Confucianism, also known as Ruism, is a system of philosophical and "ethical-sociopolitical teachings" sometimes described as a religion. Confucianism developed during the Spring and Autumn Period from the teachings of the Chinese philosopher Confucius (551–479 BCE), who considered himself a retransmitter of Zhou values. Its metaphysical and cosmological elements developed in the Han Dynasty following the replacement of its contemporary, the more Taoistic Huang-Lao, as the official ideology. More privately, Chinese emperors would still make use of the historical Realpolitik of the Chinese, termed Legalism. The disintegration of the Han in the second century CE opened the way for the soteriological doctrines of Buddhism and Taoism to dominate intellectual life at that time.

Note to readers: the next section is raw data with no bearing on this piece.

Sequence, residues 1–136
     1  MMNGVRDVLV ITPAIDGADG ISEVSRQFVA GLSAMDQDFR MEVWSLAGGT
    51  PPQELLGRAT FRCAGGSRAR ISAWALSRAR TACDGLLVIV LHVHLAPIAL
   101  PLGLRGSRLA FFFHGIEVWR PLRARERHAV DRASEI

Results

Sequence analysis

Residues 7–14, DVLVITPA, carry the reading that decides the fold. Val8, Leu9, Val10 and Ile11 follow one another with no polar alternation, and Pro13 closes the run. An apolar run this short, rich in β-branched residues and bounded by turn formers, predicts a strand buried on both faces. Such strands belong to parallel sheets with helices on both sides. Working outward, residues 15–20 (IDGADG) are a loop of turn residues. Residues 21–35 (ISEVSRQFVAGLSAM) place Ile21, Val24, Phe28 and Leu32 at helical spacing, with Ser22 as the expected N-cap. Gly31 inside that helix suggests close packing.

A Confucian revival began during the Tang dynasty of 618-907. In the late Tang, Confucianism developed in response to Buddhism and Taoism and was reformulated as Neo-Confucianism. This reinvigorated form was adopted as the basis of the imperial exams and the core philosophy of the scholar official class in the Song dynasty (960-1297). The abolition of the examination system in 1905 marked the end of official Confucianism. The New Culture intellectuals of the early twentieth century blamed Confucianism for China's weaknesses. They searched for new doctrines to replace Confucian teachings; some of these new ideologies include the "Three Principles of the People" with the establishment of the Repu . . . more